I'm working on log lines too.She wanted a rottweiller. Instead she got Riley. Or, Everything she believed was a lie, but the truth is Cold Comfort.
I love the idea of having a new book, but when I think of the work that goes into promotion, I find my thoughts veering off, like maybe I should scrub the kitchen floor before I start (or any other unpleasant task I usually try to avoid). Promotion takes a certain mindset, and I, being a natural hermit, have to work myself up to it. I enjoy meeting people (that's the fun part), but putting yourself in a place to do it and deliberately drawing attention to yourself are very difficult.
Some things are more fun, like making a brochure. I did it and love the way it turned out. Bookmarks, they're fun too. Posters? Check. But now I'm stuck on business cards. I'm already late doing them, and I can't seem to get it right. Here are the two designs I'm considering today. (I've already been through many.) I love color and texture, so the clean, elegant cards, white with minimal information in clear type, don't really appeal. They aren't me--elegant I'm not.
I wavered between Author, Writer, and Novelist. Novelist may be the right word but it doesn't sound right. Author and Writer could mean anything from medical journals to popular science.  Then I decided to add Romantic Suspense.  Anyway, you'd be amazed at the effort that goes into this. Here they are. What do you think? The practical one with two of my books? Or the pretty, textured one with the meaningless red flower? Or should I go back to the drawing board? Comments would be helpful.

Tuesday, September 20, 2011

Redemption: atonement for guilt, deliverance, salvation

J.R. Turner, author of  Redemption, due out this month, and many other novels, is my guest. I'm looking forward to her new release.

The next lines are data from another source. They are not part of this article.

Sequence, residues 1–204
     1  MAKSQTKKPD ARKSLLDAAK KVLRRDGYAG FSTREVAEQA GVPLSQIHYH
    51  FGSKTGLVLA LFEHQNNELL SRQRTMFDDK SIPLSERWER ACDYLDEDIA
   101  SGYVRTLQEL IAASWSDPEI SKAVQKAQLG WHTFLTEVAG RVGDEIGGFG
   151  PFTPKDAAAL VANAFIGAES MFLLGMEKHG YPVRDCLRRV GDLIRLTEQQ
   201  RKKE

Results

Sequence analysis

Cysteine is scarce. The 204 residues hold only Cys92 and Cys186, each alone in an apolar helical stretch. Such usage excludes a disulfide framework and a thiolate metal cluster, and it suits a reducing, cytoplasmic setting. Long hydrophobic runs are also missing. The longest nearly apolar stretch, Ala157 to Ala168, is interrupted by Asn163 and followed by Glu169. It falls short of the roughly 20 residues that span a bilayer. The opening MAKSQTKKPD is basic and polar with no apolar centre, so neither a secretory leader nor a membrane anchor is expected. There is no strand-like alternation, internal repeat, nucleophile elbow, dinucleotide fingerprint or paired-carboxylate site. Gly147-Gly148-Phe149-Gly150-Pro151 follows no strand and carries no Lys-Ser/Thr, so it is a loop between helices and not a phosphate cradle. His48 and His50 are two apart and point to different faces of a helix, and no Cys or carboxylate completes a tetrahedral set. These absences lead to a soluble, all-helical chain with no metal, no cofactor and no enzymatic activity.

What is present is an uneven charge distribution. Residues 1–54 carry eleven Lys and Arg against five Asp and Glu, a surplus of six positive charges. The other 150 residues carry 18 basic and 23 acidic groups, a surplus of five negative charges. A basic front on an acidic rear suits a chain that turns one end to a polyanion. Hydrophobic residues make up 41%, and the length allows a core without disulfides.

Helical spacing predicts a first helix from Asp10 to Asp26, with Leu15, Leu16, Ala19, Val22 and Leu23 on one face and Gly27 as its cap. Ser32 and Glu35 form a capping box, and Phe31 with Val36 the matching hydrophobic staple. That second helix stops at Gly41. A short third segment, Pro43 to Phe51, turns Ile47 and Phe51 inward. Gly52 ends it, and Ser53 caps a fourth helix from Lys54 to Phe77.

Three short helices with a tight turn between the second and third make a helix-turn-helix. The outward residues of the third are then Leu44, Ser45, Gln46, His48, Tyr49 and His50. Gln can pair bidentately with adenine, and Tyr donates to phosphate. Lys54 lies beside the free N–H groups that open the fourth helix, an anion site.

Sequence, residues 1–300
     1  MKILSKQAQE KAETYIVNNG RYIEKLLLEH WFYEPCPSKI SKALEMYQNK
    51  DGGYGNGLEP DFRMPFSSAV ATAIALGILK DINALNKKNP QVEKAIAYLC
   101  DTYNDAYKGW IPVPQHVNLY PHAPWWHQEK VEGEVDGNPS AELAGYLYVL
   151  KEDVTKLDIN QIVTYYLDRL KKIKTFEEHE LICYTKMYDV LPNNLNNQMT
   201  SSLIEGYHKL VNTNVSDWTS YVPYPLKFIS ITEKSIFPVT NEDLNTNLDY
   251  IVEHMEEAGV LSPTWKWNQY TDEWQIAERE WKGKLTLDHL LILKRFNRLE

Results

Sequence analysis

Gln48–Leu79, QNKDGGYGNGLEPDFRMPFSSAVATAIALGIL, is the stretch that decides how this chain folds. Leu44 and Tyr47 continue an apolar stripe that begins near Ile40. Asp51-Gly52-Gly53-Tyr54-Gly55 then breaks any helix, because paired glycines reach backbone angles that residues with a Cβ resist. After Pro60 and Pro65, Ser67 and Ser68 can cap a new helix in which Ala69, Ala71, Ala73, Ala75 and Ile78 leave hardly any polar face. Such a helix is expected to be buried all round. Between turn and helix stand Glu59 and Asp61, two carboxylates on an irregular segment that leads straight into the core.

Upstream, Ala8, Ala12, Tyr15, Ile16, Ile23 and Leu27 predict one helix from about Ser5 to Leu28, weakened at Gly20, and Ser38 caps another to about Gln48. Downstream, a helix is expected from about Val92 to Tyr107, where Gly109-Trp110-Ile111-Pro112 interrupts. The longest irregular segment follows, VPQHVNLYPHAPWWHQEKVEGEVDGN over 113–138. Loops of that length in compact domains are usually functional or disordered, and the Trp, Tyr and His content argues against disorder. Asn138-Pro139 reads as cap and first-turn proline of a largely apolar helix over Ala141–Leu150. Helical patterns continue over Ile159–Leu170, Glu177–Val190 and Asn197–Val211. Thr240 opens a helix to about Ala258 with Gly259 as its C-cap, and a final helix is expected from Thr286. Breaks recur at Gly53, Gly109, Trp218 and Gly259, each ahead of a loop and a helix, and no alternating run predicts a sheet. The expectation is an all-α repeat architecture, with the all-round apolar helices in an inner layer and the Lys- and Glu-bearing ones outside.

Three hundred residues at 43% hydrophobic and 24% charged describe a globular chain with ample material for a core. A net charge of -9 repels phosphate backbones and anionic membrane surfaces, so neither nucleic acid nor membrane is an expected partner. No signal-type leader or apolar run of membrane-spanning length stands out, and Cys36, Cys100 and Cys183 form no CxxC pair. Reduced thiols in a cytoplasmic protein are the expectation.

When I began writing my first urban fantasy novel, the title was a no-brainer. Redemption is such a powerful driving force in the human experience. From the need to prove we have what it takes to ourselves or others, to seeking out a way to atone for a perceived or actual sin, there are few motivators stronger than our darkest secrets.

I could think of no better way to explore the human struggle between dark and light, wrong and right than through the contrast of angel and demon. We each have aspects of both in our human make-up. There is an old Native American tale about this:

The grandfather said, "There are two wolves fighting in my heart. One wolf is angry, vengeful, and hateful. The other wolf is understanding, compassionate, and loving."
The grandson asked him, "Which wolf will win?"
The grandfather replied, "The one I feed."

Throughout Redemption I return again and again to the idea of how good intentions often lead us to feed our darker selves, despite our vigilance . Savannah, a half-angel, is focused on killing sinners to earn her redemption, but when she falls in love with a half-demon, Nico, her focus turns to finding his redemption. In giving up her need to see heaven to save someone she loves, she ultimately makes a heart-wrenching sacrifice. Sometimes our conscience demands a painful course of action.

Love, hate, life, and death–these are the human experiences we seek to understand the most and in writing Redemption I came to understand my own beliefs far better and I hope when reading about these universal struggles, they leave the reader with some meaty food for thought.

Note from Ellis. This review of Redemption from Nancy Holzner is too good to leave out: